Address given at a Service to mark the life of Florence Nightingale

Jesus said, Heal the sick, raise the dead, cleanse those who have leprosy, drive out demons.

Sister Frances Dominica ASSP DL

Wednesday, 9th May 2018 at 6.30 PM

Yesterday when I was driving I tuned in to Radio 4, as I often do. I was in time to hear the day’s excerpt from Book of the Week. I was captivated by the young nurse’s experience of caring for a boy of 14, seriously ill with cystic fibrosis. She spoke of being with him and his mother as he was wheeled to theatre where he was to undergo a heart lung transplant, promising she would be with him throughout. The boy did well and as he got stronger he became passionate about strawberry ice cream. Later, through the correct channels and with the help of his nurse, he wrote to the mother of the boy whose heart and lungs he had received. “Was your son passionate about strawberry ice cream?” he asked. And then, “I am really sorry he had to die so I could live.”

The book is entitled The Language of Kindness. It rang so many bells for me from years ago at Great Ormond Street where I started training almost 57 years ago. The language of kindness – surely that is at the very heart of nursing.

I was three when I told anyone who would listen that I was going to be a nurse. All my dolls and bears and rabbits were always sick – and they never got better or I would have been out of a job… So I was not a little delighted when I was thinking about this occasion to read that Florence Nightingale once said, “The best nurses have the essential qualifications before they go to school” – just as well as far as I was concerned because I did not gain many qualifications at school – for me school was marking time until I could do the thing I really wanted to do!

When I qualified from Great Ormond Street and the Middlesex Hospital, family and friends were shocked when I said I was going to join an Anglican religious community, All Saints Sisters of the Poor. In 1966 the new life I encountered included a lot of silence and solitude but I soon discovered that our community had an inspiring history. Founded in 1851 in central London it grew quickly, numbering almost 300 Sisters by the turn of the century. In those early years our Sisters were responsible for establishing the School of Nursing at University College Hospital. They worked such long hours that they were often unable to join the other Sisters for services in chapel so they had to learn the entire psalter by heart and recite parts of it on the way to the hospital! Some of our Sisters nursed with Florence Nightingale in the Franco-Prussian War, others nursed children with leprosy at a colony on Robben Island.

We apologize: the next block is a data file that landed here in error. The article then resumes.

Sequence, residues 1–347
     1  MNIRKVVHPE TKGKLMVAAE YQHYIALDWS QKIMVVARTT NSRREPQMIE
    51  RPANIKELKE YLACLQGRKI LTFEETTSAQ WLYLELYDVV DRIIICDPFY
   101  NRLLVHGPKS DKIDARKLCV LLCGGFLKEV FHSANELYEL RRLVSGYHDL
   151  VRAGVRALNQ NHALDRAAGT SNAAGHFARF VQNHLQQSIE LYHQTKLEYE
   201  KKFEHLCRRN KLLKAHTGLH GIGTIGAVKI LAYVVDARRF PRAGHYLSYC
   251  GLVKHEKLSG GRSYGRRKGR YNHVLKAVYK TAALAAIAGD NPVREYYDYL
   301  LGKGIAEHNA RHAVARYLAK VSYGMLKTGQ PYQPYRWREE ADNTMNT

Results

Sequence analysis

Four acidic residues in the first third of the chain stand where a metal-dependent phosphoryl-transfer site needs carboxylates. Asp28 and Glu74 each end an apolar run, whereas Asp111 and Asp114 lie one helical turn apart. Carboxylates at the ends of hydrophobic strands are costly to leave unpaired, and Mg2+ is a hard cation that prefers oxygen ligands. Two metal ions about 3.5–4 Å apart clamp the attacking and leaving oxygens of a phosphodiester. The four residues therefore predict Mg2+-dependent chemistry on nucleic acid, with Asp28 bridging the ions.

Much more recently, in 1982, we established Helen House in Oxford, the world’s first children’s hospice, now replicated on all continents and, some years later, Douglas House for young adults up to the age of 35.

As nurses you and I are privileged. So much has changed since Florence Nightingale established nursing as a profession.  In her Notes on Nursing she wrote:

It seems a commonly received idea among men and even among women themselves that it requires nothing but a disappointment in love, the want of an object, a general disgust, or incapacity for other things, to turn a woman into a good nurse.

This reminds one of the parish where a stupid old man was set to be schoolmaster because he was “past keeping the pigs”.

In those moments when we need encouragement we can turn again to this amazing woman: No matter how difficult the days may get, never forget the reason you became a nurse.

But the last word must go to a boy of ten who came to Helen House for respite care many years ago. I was quite often at the wrong end of his water pistol but one day he asked if we could have a serious talk.

“When I was young”, he said, “my Mum told me about my illness and things and she said that one day I might die. When she first told me I have to say I was a bit afraid. But now I have had time to think about it I am not afraid any more. I think of my body as my reflection, how you recognise me for who I am, but when I die I’ll leave my reflection behind and it will fade ‘cos I won’t need it any more. But the real me won’t die, the real me will go to a very special place.

“I think of God as my friend, always beside me when I need him most, and at the moment when I die I believe that Jesus will be there beside me, ready, waiting to take me to his Father in his heavenly kingdom. And Jesus will tell me to close my eyes and he will lead me forward and then he will say, ”Open!” and you open your eyes and you can’t find words to describe it, it is so beautiful. It will such a surprise, such a great surprise. And there is that banquet and I believe it will be God and me sitting side by side. There is so much to look forward to, living or dying.”

Then he remembered the water pistol…